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PNS Daily Newscast - August 5, 2020 


A massive explosion kills dozens and injures thousands in Beirut; and child care is key to getting Americans back to work.


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Election experts testify before the US House that more funding is necessary. And Arizona, Kansas, Michigan, Missouri and Washington state had primaries yesterday; Hawaii and Tennessee have them later this week.

COVID Surge, Schools Reopening Generate New Paid-Leave Push

Nevada law does not require employers with less than 50 workers to provide sick leave. (pewtrusts.org)
Nevada law does not require employers with less than 50 workers to provide sick leave. (pewtrusts.org)
July 24, 2020

LAS VEGAS, Nev. - The ongoing pandemic has millions of families worried about their jobs and incomes, but also anxious about returning to work and school because they don't have paid sick or family leave.

The U.S. is the only industrialized nation that doesn't require employers to give their workers paid time off when they're sick - an urgent concern during the health crisis.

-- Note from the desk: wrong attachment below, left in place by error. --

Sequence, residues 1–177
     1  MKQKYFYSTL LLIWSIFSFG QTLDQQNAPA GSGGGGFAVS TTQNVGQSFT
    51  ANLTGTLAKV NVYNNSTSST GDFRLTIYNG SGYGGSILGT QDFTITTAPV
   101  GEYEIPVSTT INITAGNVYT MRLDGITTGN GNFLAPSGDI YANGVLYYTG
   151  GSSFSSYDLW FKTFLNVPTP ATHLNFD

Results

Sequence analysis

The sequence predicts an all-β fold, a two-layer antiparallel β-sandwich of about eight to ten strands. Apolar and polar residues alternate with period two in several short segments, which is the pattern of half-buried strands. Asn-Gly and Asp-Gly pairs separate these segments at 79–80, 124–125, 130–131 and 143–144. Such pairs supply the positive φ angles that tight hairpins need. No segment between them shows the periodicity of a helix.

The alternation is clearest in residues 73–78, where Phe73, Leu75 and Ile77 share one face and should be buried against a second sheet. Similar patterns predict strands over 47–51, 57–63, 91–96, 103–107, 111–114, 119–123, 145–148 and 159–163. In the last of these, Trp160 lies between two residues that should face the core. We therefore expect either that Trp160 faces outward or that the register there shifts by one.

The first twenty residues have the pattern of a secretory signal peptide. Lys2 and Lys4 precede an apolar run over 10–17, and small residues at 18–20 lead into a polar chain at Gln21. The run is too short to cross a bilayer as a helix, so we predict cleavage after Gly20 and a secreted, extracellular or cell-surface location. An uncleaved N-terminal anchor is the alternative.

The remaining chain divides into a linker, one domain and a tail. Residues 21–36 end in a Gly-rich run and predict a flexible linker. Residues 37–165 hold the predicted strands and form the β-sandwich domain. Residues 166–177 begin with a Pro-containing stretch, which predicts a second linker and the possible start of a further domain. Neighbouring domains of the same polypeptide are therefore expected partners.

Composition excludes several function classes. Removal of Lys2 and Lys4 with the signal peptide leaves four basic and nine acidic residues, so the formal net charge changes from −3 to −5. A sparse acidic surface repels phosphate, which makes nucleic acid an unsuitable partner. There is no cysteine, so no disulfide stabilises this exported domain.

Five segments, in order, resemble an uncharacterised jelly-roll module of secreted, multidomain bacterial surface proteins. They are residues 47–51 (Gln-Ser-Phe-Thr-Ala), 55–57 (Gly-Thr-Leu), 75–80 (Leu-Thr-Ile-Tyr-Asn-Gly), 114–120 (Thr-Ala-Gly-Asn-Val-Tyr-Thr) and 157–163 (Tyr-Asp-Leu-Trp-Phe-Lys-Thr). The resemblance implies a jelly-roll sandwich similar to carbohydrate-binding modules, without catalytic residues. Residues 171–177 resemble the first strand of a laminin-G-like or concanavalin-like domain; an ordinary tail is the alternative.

In a news conference yesterday, Nevada mother of four Tameka Henry was among those calling on the Senate to support a paid sick leave mandate. Henry, a member of the Paid Leave for All Workers Advisory Group, says it would have made a significant difference for her family.

"I calculated that I've lost over $200,000 over the years," says Henry. "It would have given me the space to take care of my husband when he was seriously ill without losing my means of livelihood."

In March, Congress passed and President Donald Trump signed into law the first emergency paid leave law, but loopholes exempted up to 106 million workers - including millions of front-line health-care and essential workers.

National Education Association president Lily Eskelsen García is a former 6th-grade teacher. She says paid leave is a critical piece of reopening schools.

"I know what it's like to have moms and dads bring their little guys into a classroom apologizing they probably should be home, but they're worried about not getting paid if they stay home and take care of a sick child," says García.

Illinois Democratic Sen. Tammy Duckworth is a sponsor of the PAID Leave Act and says when doors reopen, school personnel need to be as protected as possible.

"We've got to insist that paid leave covers not just teachers, but the other people who look after them," says Duckworth. "People like school counselors and bus drivers and cafeteria workers and janitors - many of whom aren't even eligible for unpaid leave right now."

A study released earlier this year found that in states that mandated sick leave, fewer employees worked when sick, taking on average two additional sick days a year.

Roz Brown, Public News Service - NV